return to work covid-19 Image by Di Studio AdobeStock_332953331

Who is allowed to go to work?

The following sets out key frequently asked questions, listed by the government, on working during the coronavirus outbreak.

The government says that employers should make every effort to support working from home. Including by providing suitable IT and equipment as they have been already. This will apply to many different types of businesses, particularly those who typically would have worked in offices or online.

Where work can only be done in the workplace, the government said that it has set out tailored guidelines for employers to help protect their workforce and customers from coronavirus while still continuing to trade or getting their business back up and running.

There are detailed COVID-19 secure guidelines available here. They have been developed in consultation with businesses and trades unions.

These ‘back to work’ guidelines apply to those in essential retail like:

  • Supermarkets
  • Those in construction and manufacturing
  • Those working in labs and research facilities
  • Those administering takeaways and deliveries at restaurants and cafes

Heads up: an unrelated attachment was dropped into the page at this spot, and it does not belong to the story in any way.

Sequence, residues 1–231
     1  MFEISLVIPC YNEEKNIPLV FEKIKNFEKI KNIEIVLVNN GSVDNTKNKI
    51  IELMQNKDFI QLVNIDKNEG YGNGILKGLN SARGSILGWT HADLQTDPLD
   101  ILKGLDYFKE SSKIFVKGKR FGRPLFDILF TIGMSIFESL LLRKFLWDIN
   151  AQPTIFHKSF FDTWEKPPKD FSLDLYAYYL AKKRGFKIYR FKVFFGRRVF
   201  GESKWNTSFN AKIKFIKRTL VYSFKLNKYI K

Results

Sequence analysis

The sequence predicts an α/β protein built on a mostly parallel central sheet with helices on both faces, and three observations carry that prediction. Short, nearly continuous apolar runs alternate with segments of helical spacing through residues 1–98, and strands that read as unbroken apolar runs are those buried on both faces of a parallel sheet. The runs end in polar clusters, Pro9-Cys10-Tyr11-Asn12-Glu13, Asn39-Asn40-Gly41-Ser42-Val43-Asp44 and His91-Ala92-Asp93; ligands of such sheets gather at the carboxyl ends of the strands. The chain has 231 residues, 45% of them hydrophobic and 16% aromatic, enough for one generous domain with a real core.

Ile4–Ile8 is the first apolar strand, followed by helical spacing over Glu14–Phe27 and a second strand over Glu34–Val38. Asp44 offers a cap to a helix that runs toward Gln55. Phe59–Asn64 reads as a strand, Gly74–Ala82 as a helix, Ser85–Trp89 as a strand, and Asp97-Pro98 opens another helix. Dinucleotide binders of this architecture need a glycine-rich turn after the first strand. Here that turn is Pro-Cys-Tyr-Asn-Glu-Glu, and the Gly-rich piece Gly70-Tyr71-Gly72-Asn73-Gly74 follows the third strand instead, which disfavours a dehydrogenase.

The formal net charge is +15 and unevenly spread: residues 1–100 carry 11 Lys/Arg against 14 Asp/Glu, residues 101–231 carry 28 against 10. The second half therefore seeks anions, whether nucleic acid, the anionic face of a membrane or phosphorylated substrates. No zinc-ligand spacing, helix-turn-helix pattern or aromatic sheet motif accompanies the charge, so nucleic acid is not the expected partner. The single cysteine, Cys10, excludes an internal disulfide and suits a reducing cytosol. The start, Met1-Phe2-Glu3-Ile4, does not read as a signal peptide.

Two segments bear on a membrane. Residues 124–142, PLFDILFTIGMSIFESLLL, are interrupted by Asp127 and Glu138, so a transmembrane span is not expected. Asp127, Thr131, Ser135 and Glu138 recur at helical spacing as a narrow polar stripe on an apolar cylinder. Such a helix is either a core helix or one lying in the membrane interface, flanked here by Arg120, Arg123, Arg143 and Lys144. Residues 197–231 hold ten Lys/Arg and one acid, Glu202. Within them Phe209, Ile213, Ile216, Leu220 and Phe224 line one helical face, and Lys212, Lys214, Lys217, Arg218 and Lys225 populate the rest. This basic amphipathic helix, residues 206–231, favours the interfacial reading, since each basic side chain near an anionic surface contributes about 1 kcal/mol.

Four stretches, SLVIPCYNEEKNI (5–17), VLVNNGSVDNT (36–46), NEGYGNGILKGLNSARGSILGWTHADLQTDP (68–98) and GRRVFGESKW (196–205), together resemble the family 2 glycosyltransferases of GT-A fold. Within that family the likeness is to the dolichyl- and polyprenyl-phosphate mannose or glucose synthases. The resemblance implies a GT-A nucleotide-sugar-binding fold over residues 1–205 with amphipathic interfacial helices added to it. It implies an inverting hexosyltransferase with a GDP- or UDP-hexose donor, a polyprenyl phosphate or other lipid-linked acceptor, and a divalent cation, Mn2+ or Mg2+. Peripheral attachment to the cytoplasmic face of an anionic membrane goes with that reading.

• Tradesmen, cleaners and others who work in people’s homes
  • Those who are facilitating trade or transport goods
  • and so on

Non-essential retail, restaurants, pubs, bars, gyms and leisure centres will remain closed. They will reopen in a phased manner provided it is safe to do so.

There are specific guidelines for those who are vulnerable, shielding, or showing symptoms.

What is a critical worker?

Critical workers are those working in health and care and other essential services, who can still take their children to school or childcare and can use hotels and other accommodation services for work related purposes.

For example, if they can’t get home after a shift or need to isolate from their families. This critical worker definition does not affect whether or not you can travel to work. If you are not a critical worker, you may still travel to work provided if you cannot reasonably work from home.

What is meant by the phased approach?

Not all forms of work will return to normal at once. People will have to prepare for a new type of normal. Any changes are to be monitored to ensure that they do not increase the risk of infection and push the Reproductive value ‘R’ above 1.

‘R’ describes how many people on average will be infected for every one person who has COVID-19.

Will pubs/cinemas/hairdressers open in July?

The government has set out a roadmap which means some businesses (like pubs, cinemas or hairdressers) will not open until Step 3 is reached. The Government’s current planning assumption is that this step will be no earlier than 4 July.

When these businesses do reopen, they should also meet the COVID-19 secure guidelines.

What are the ‘COVID-Secure’ safety guidelines workplaces have to put in place?

The government has set out the steps businesses should take to ensure their workplaces are COVID-19 secure and give their staff the confidence to return back to work.